top of page

Miniature nuclear battery produces 50 years of power without needing to charge

This groundbreaking innovation heralds a new era in energy storage by achieving the miniaturization of atomic energy, fitting 63 nuclear isotopes into a module smaller than a coin. (CREDIT: Betavolt Technologies)


In a remarkable technological leap, Beijing-based startup Betavolt has introduced a revolutionary nuclear battery that claims to provide uninterrupted electricity for up to half a century without the need for charging or maintenance.


This groundbreaking innovation heralds a new era in energy storage by achieving the miniaturization of atomic energy, fitting 63 nuclear isotopes into a module smaller than a coin.


 
 

Betavolt's nuclear battery, a global first of its kind, has successfully entered the pilot testing phase and is poised to be mass-produced for a wide array of commercial applications, including smartphones and drones.


The company envisions its Betavolt atomic energy batteries as a solution to long-lasting power supply needs in diverse scenarios such as aerospace, AI equipment, medical devices, microprocessors, advanced sensors, small drones, and micro-robots.


 

Related Stories

 

In a press release, Betavolt expressed its anticipation that this groundbreaking energy innovation would bolster China's position in the ongoing AI technological revolution. The nuclear battery operates by harnessing the energy generated through the decay of isotopes, a concept initially explored in the 20th century.


While scientists in the Soviet Union and the United States pioneered this technology for use in spacecraft, underwater systems, and remote scientific stations, the early iterations were both costly and cumbersome.


 
 

China has now embarked on the ambitious endeavor to miniaturize and commercialize nuclear batteries as part of its 14th Five-Year Plan, aimed at strengthening the nation's economy from 2021 to 2025. Simultaneously, research institutions in the US and Europe are also actively engaged in the development of similar technologies.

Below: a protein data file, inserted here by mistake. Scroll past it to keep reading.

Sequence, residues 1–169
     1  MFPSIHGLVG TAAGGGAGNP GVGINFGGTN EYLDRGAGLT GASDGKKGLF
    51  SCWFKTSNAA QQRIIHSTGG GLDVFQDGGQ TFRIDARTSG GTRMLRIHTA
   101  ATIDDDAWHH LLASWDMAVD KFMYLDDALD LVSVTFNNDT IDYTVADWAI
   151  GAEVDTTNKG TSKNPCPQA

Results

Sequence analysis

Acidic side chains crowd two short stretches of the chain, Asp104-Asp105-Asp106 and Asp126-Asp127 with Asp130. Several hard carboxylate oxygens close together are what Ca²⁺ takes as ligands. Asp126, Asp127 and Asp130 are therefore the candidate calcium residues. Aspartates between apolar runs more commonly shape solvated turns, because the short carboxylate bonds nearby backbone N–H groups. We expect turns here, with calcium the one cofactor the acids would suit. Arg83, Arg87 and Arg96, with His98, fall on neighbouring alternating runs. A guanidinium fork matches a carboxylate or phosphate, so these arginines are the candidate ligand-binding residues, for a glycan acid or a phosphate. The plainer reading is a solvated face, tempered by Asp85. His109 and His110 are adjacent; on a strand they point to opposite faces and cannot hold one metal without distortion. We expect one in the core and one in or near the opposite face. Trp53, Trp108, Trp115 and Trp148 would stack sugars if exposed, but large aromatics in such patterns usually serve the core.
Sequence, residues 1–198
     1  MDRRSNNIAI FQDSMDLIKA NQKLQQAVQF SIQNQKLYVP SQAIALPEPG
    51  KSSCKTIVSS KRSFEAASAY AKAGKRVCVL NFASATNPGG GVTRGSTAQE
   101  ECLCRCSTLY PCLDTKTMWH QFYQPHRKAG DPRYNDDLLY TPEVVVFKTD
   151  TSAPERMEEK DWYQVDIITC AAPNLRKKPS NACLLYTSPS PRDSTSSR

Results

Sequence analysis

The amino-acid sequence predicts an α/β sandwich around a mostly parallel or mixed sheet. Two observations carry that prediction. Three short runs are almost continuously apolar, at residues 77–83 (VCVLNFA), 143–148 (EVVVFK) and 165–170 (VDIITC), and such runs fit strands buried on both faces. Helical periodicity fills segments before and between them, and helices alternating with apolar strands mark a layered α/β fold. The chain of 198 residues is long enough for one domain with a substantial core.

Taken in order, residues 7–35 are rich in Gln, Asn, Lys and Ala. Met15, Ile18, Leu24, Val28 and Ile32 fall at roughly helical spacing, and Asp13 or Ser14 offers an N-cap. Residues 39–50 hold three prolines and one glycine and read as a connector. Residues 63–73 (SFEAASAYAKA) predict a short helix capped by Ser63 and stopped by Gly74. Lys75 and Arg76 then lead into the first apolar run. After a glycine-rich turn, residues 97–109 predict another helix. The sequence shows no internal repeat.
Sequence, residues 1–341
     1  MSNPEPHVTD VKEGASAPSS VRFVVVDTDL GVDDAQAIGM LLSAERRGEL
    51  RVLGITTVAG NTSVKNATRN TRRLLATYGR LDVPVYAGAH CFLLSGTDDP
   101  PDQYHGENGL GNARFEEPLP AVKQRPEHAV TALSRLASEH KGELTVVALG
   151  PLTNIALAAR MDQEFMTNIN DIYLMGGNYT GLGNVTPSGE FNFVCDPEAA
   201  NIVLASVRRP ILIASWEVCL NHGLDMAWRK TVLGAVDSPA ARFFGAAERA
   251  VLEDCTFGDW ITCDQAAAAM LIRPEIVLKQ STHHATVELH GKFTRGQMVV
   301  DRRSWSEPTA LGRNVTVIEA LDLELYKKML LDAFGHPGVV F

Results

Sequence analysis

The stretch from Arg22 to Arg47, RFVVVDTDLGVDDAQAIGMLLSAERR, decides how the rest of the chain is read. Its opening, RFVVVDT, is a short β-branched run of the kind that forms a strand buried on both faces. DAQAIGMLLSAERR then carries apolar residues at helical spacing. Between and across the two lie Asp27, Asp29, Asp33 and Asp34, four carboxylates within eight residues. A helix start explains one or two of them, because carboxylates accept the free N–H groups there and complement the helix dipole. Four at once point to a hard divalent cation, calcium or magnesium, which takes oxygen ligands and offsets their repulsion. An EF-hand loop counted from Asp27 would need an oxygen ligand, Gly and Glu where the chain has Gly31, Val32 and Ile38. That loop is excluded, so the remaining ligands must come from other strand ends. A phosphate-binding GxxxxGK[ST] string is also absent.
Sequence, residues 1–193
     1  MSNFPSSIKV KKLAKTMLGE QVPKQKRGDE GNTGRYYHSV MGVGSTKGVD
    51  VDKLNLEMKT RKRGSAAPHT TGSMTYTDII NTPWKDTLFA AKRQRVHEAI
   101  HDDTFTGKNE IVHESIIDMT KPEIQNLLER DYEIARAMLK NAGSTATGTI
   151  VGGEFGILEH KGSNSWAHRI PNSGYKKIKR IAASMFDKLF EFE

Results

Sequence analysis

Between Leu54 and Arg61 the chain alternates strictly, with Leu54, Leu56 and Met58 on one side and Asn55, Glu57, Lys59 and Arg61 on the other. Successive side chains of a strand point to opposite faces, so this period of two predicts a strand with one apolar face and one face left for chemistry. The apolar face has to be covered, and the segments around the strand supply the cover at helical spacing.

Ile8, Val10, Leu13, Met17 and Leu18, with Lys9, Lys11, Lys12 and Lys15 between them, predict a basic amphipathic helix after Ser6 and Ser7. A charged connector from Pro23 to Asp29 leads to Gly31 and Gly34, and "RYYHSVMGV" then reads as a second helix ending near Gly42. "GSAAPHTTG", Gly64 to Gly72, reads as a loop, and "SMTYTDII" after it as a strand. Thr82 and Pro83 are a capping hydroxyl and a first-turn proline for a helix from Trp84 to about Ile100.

Tiny, nuclear, Betavolt battery. (CREDIT: Betavolt Technology)


Betavolt's inaugural nuclear battery boasts the capability to deliver 100 microwatts of power with a voltage of 3V while measuring a mere 15x15x5 cubic millimeters.


 
 

However, the company has ambitious plans to produce a battery with 1 watt of power by the year 2025. Their compact size opens the door to a myriad of possibilities, including mobile phones that never require charging and drones with perpetual flight capabilities.


Component layers of the revolutionary Betavolt battery. (CREDIT: Betavolt Technology)


Furthermore, the layered design of Betavolt's nuclear battery ensures safety. It is engineered to withstand sudden force without catching fire or exploding, providing added reassurance to potential users. The battery also demonstrates remarkable resilience, functioning efficiently in temperatures ranging from -60°C to 120°C.


 
 

Betavolt takes pride in highlighting the safety and environmental friendliness of its atomic energy batteries. The company emphasizes that these batteries have no external radiation and are well-suited for use in medical devices like pacemakers, artificial hearts, and cochlear implants within the human body.



Moreover, Betavolt underscores the environmental benefits of their technology. After the decay period, the 63 isotopes within the battery transform into a stable copper isotope, which is non-radioactive and poses no threat or pollution to the environment. This feature underscores the commitment to sustainability and eco-friendliness.


 
 

As China spearheads this transformative technology, the global community eagerly awaits the widespread commercial availability of Betavolt's atomic energy batteries, offering a promising glimpse into the future of sustainable and long-lasting power solutions.






For more science news stories check out our New Innovations section at The Brighter Side of News.


 

Note: Materials provided above by The Brighter Side of News. Content may be edited for style and length.


 
 

Like these kind of feel good stories? Get the Brighter Side of News' newsletter.


 

Comments


Most Recent Stories

bottom of page